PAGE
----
You gain greater buy-in the more you can step into the shoes of your customers or your employees and more readily feel what they feel.
That empathy then fuels a trust that triggers greater productivity and profitability over time.
But how do you teach empathy? You don’t.
Let others do it for you : like Generals in the U.S. Army (Colin Powell and Norm Schwarzkopf), political leaders like Abraham Lincoln, Harry Truman, Barack Obama and Lee Kuan Yew along with legendary sports heroes like pro football’s Vince Lombardi and professional golf’s Jack Nicklaus.
They share their secret to success: leading with empathy among the 77 Leadership Mints 5-minute stories in LOVING Like a Leader, one of the three books in the Leadership Mints Series designed to help busy leaders freshen their feeling for leading.
The four-star general in the United States Army –all 6-foot-3 and 240 pounds of him – was scared. Not on the battlefield. After all he led the US coalition of troops from 30 countries to victory in the Persian Gulf War in 1991. No, General Norman Schwarzkopf was even more scared of unarmed men who couldn’t or wouldn’t cry. “Frankly, any man who doesn’t cry scares me a little bit,” Schwarzkopf admitted to Barbara Walters on ABC television’s 20/20 program in March 1991. “I don’t think I would like a man who was incapable of enough emotion to get tears in his eyes every now and then. That person scares me; he’s not a human being.”
Here’s an idea to help you strengthen your emotional intelligence. Reading time: 3:52.
The four-star general –all 6-foot-3 and 240 pounds of him — was scared. Not of the battlefield.
After all he led the US coalition of troops from 30 countries to victory in the Persian Gulf War in 1991.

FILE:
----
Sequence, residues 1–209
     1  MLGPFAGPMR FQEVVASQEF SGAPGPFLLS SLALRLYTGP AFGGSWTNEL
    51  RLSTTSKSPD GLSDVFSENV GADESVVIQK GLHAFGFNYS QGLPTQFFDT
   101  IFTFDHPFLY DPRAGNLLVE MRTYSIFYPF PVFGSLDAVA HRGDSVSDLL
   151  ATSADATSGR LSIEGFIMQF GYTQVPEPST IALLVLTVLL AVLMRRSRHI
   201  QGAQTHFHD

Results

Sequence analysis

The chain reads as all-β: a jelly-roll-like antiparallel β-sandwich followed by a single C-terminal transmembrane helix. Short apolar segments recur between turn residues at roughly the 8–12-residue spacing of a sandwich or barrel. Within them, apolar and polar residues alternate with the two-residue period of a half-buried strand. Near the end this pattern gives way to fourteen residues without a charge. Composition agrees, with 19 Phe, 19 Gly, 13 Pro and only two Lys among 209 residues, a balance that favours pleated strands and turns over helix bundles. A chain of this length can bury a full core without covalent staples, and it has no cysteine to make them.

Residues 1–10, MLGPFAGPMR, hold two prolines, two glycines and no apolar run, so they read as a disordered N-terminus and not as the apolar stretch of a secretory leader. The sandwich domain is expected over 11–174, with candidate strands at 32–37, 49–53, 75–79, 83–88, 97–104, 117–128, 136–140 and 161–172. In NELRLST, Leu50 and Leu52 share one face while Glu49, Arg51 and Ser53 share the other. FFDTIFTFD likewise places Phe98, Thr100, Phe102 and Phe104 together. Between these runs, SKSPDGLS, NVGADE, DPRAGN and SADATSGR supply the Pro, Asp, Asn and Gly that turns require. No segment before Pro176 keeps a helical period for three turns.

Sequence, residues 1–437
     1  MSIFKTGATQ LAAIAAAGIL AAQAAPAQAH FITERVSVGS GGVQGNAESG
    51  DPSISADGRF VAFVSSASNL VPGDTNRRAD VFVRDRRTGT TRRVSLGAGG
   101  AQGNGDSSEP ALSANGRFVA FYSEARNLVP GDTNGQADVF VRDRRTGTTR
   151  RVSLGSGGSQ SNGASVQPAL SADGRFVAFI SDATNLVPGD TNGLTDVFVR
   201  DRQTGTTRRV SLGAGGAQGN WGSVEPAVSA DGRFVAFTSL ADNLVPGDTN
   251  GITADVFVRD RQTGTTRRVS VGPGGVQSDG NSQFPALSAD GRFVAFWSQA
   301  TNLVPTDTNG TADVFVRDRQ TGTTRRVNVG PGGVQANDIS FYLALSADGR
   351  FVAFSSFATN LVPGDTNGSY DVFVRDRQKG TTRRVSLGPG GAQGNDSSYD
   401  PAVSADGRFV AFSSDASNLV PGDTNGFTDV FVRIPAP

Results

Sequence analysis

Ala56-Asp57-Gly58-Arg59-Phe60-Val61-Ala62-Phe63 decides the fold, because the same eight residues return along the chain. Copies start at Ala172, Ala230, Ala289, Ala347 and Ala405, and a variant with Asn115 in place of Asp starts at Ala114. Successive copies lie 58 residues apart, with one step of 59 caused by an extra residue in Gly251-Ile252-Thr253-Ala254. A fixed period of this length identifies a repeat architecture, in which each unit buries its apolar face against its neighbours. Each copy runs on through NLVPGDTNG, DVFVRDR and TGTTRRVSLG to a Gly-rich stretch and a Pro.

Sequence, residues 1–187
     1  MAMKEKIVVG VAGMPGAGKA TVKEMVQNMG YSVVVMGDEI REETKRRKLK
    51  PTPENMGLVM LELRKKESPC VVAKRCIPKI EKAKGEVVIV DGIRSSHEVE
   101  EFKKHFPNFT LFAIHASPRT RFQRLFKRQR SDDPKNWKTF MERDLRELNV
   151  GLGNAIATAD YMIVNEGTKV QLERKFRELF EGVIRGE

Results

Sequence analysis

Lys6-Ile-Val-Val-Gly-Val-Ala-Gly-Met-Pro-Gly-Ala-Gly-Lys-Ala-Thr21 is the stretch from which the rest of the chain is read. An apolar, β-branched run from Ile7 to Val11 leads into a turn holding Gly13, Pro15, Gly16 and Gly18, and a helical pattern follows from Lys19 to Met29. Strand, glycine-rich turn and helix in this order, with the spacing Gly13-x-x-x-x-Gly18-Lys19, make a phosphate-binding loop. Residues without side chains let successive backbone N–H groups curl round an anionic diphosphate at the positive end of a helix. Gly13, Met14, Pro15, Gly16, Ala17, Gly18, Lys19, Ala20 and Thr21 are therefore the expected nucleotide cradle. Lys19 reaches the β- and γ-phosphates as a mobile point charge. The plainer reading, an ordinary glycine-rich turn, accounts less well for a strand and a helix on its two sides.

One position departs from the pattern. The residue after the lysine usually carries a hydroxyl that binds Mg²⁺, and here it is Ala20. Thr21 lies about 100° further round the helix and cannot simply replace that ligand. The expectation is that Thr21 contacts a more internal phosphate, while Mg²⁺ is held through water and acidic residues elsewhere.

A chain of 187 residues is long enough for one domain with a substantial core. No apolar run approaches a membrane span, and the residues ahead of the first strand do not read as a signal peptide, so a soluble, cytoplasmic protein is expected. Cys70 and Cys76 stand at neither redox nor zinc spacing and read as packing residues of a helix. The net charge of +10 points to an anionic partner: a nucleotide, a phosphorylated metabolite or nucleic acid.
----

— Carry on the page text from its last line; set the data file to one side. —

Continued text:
No General Norman Schwarzkopf was scared of even more than the demands of war when he became the first US general in 46 years to win a major war.
In fact he was scared of those armed and– even those UNARMED-who seemed less than human, especially when you looked them in the eye: They couldn’t or wouldn’t cry.
“Frankly, any man who doesn’t cry scares me a little bit,” Schwarzkopf admitted to Barbara Walters on ABC television’s 20/20 program in March 1991. “I don’t think I would like a man who was incapable of enough emotion to get tears in his eyes every now and then. That person scares me; he ‘s not a human being.”
Yes, generals cry, Schwarzkopf asserted. General Ulysses S. Grant cried when he learned of Lincoln’s death. General Eisenhower wiped away tears when he saw the planes take off on the eve of D-day knowing he could be sending most of them to their deaths. And the Commander-in-Chief, President Abraham Lincoln wept when he visited the injured soldiers during the Civil War.
The most effective leaders know that their tears–rooted in empathy and grounded in a well-developed emotional intelligence–are part and parcel of their humanity.
Leaders realize that expressing their humanity (crying) and connecting to the feelings and concerns of others (relationship building) is the crux of leadership.
In fact, a study at Penn State said tears in a man are a sign of honesty and another study reported in the Journal of Psychology of Men & Masculinity found that football players who cried had higher levels of self-esteem that gave them a competitive edge on and off the field. Continue reading “Crying Like a Leader”→